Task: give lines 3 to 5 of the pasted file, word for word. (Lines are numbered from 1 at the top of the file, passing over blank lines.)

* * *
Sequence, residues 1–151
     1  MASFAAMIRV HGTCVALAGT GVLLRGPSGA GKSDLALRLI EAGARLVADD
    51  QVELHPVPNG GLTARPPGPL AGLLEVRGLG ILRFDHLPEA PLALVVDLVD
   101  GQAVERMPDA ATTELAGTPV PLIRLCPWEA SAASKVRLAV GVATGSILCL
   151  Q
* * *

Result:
    51  QVELHPVPNG GLTARPPGPL AGLLEVRGLG ILRFDHLPEA PLALVVDLVD
   101  GQAVERMPDA ATTELAGTPV PLIRLCPWEA SAASKVRLAV GVATGSILCL
   151  Q